3. Do something fun and in no way productive to the unpacking/moving business. This didn’t happen. I mean, I had some fun on my scenic drive, but mostly I just worried about running out of gas or my phone dying before I figured out where I was. I’m trying to think of fun things I can do tomorrow. Honestly, I think relaxing with a good book and a cup of tea sounds amazeballs. So, that will be on the docket for tomorrow.
  4. Apply to one job. Ok, so I got part-way done with this one, but I kinda spaced that I need to update my resume and draft a cover letter (gotta stop doing this crap last minute when my brain is fried), so that part has yet to be completed. I also found another job prospect that sounds fun and has benefits. Oh! and I found a website, FreelancersUnion, so in the next few weeks, I want to read up on freelancing and maybe even attend one of their local meetings.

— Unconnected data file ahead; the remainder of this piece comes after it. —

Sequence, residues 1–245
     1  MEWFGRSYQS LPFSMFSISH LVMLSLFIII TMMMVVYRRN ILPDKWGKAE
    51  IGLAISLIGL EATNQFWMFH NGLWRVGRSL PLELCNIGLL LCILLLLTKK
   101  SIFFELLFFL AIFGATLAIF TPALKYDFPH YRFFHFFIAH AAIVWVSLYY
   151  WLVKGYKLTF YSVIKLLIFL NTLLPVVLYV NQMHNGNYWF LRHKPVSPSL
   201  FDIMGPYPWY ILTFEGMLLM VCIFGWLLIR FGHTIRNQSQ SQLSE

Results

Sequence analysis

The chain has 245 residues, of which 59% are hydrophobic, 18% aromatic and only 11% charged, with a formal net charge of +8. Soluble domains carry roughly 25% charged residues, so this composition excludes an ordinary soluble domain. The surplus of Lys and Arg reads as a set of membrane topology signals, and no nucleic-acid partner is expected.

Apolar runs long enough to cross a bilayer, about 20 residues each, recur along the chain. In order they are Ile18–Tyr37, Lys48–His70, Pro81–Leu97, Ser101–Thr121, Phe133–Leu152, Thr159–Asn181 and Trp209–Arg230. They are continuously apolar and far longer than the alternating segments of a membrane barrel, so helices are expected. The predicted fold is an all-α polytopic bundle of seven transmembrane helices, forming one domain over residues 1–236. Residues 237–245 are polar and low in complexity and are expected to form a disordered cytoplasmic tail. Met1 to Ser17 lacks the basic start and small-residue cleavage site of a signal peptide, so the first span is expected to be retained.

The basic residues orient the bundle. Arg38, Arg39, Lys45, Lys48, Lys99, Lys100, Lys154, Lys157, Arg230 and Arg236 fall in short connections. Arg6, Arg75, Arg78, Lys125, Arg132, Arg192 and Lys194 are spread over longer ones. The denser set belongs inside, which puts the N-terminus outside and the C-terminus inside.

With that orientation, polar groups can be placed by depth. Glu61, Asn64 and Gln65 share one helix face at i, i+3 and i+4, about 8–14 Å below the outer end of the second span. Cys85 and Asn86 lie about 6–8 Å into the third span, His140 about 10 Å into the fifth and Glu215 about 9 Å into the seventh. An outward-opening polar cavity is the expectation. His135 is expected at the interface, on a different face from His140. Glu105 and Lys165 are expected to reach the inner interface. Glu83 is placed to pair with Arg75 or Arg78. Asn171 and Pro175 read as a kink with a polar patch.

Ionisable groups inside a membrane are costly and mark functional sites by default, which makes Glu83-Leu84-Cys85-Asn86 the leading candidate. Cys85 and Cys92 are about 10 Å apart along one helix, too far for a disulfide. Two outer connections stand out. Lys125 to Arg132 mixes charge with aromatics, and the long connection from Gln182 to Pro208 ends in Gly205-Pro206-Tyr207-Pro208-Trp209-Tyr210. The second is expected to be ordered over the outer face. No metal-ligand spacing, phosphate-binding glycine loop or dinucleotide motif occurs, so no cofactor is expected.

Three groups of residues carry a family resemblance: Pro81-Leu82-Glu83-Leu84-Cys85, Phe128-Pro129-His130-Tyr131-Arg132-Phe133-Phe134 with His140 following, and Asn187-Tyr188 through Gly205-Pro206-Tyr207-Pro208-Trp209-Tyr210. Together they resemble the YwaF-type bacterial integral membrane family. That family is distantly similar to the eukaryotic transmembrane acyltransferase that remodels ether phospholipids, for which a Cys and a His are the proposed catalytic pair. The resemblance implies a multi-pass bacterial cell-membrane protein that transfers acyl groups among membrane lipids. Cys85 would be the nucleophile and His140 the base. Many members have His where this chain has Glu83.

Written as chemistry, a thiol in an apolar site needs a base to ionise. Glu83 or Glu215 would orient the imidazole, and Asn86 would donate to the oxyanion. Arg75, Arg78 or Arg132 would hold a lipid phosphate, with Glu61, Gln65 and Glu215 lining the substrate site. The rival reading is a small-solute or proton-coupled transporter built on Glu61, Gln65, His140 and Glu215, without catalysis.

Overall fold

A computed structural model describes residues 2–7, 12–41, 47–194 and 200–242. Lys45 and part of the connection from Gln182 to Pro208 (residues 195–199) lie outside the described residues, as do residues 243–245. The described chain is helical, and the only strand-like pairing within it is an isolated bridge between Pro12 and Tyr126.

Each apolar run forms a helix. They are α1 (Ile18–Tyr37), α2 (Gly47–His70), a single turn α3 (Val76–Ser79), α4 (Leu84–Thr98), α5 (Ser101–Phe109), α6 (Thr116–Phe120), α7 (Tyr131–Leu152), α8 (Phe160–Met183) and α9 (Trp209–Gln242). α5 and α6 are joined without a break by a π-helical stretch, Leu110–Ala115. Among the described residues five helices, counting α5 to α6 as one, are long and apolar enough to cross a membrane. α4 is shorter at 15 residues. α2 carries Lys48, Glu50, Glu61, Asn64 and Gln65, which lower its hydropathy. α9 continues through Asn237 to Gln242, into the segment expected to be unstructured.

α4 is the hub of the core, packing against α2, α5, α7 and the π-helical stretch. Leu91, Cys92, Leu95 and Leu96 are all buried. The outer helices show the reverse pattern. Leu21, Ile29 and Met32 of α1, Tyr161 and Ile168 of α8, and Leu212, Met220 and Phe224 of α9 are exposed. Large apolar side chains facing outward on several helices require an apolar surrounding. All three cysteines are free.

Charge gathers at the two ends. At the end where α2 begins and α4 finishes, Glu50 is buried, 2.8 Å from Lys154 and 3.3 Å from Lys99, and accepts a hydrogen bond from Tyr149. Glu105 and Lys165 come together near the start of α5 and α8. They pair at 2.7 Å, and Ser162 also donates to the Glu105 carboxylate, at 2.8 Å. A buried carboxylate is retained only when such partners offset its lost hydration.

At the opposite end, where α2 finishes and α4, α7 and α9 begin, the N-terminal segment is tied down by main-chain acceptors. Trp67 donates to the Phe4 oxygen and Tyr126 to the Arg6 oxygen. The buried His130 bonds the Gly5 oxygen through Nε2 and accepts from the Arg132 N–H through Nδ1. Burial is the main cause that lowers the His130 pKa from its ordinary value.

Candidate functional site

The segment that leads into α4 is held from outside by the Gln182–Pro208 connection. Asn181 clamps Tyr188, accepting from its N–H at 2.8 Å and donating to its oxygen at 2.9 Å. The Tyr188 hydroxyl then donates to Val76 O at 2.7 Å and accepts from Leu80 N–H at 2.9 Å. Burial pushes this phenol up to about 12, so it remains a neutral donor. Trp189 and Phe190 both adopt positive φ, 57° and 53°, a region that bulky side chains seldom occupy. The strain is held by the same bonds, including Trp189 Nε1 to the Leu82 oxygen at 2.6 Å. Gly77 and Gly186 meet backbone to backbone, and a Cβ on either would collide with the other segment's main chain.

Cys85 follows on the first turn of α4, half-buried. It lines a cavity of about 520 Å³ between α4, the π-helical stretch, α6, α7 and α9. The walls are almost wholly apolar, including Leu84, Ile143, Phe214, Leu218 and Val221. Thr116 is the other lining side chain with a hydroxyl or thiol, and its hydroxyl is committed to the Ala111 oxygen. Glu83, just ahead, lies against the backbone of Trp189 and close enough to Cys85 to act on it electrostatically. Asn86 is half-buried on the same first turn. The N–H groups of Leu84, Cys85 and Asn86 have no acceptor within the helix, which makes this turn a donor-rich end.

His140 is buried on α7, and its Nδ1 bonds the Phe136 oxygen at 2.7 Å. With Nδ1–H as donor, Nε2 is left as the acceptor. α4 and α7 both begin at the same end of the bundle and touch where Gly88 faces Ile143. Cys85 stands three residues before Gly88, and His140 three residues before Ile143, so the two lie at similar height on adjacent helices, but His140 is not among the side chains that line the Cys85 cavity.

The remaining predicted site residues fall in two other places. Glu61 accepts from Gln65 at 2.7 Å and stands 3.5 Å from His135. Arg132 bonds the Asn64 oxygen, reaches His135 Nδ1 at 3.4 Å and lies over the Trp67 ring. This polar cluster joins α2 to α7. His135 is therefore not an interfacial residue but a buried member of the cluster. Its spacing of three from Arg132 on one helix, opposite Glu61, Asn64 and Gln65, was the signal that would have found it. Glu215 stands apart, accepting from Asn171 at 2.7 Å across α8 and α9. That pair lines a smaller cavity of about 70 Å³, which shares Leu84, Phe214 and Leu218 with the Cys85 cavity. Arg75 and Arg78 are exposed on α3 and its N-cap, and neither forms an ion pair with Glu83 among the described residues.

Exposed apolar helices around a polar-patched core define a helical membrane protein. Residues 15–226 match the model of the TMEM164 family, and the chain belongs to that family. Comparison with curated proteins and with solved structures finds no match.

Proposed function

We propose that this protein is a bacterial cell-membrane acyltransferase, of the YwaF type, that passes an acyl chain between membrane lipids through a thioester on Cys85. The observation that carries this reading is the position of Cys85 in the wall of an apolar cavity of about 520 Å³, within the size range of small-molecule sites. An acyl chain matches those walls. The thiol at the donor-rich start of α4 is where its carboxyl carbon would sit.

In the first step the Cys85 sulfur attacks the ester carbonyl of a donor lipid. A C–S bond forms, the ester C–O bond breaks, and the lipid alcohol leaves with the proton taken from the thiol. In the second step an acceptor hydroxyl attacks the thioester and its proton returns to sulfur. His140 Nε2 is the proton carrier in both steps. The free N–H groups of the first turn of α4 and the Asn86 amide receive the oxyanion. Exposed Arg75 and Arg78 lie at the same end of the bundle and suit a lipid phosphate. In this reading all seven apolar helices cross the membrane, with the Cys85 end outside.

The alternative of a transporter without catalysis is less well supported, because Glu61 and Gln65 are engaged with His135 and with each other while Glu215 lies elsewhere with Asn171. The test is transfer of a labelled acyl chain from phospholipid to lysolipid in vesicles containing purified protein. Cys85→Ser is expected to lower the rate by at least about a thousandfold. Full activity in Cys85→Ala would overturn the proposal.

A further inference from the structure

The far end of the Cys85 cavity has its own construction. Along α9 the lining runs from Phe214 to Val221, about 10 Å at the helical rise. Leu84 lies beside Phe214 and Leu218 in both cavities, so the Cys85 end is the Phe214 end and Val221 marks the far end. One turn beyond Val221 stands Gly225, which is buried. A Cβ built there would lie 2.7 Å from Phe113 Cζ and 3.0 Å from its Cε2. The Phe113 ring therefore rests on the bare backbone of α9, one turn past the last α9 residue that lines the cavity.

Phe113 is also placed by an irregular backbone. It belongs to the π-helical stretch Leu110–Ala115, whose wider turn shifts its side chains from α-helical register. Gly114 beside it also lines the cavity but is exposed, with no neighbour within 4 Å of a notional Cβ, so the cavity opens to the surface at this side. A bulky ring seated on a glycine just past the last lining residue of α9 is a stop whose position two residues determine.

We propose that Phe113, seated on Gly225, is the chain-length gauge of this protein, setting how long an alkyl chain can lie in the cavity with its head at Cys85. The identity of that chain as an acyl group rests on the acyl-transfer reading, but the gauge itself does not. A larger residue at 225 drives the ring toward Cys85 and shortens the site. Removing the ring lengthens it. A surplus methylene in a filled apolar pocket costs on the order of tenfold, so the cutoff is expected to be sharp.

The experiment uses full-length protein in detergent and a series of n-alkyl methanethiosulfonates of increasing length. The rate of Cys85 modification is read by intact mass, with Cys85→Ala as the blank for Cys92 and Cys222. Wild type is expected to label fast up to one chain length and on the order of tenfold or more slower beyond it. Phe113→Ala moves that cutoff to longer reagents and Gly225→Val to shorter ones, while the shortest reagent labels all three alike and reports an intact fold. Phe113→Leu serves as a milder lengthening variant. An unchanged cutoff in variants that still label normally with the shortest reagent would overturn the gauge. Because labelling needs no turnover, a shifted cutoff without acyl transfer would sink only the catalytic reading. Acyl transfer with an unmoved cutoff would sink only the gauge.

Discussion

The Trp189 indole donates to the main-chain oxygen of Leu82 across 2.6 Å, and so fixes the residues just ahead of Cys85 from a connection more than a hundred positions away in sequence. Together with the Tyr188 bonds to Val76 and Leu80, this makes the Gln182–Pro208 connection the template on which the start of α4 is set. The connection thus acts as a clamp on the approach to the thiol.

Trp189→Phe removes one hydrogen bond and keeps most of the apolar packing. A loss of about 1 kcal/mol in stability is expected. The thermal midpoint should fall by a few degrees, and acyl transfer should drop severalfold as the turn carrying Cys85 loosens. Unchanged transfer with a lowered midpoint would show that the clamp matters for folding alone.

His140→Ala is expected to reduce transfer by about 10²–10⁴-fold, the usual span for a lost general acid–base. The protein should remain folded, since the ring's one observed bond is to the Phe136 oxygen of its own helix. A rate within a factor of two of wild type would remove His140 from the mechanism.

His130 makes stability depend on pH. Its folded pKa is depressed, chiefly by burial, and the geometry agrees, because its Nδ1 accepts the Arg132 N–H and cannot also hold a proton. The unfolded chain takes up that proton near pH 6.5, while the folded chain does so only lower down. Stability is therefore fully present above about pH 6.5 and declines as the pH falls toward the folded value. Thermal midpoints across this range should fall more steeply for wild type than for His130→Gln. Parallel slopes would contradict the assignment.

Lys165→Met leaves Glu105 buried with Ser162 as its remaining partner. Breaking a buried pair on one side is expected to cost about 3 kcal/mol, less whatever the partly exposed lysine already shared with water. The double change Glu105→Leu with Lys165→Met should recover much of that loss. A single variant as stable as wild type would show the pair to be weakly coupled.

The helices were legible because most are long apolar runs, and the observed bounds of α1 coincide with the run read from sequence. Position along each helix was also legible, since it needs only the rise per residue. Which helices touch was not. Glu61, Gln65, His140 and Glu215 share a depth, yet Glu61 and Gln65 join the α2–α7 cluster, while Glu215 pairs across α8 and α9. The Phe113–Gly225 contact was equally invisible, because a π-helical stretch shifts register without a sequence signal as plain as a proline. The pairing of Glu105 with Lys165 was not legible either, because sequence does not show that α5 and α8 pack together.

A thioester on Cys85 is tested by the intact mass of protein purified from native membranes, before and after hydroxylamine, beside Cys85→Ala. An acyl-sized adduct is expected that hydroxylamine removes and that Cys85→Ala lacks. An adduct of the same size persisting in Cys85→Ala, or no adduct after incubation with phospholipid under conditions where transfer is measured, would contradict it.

5. Resist sugar cravings. Mission complete. But I’ve been thinking about some strawberry ice cream sandwiches in the freezer since about 5pm. My boyfriend’s in bed now, so I could easily sneak one without getting any “concerned” health or nutrition talks. It’s like he thinks I deserve to feel good and wants me to live a long life or something. So annoying. I know I’ll feel guilty if I sneak one and also, I’ll give myself the talk for him as penance. Stupid love stuff- he’s got me cutting down on sugar, moving to some strange town, and I made HIM dinner. “It’s a turvy-topsy world.”

Relaxation Results

So if you tuned into my blog yesterday, you’ll know I was a Debbie-Downer in need of some serious rest and relaxation after a crazy stressful month of moving, working, and hostessing family from out-of-town. And now I’m craving Hostess cupcakes, that’s just great. Well, since I’m still having stress-induced sugar cravings, you may be able to guess that I remain a little strung out.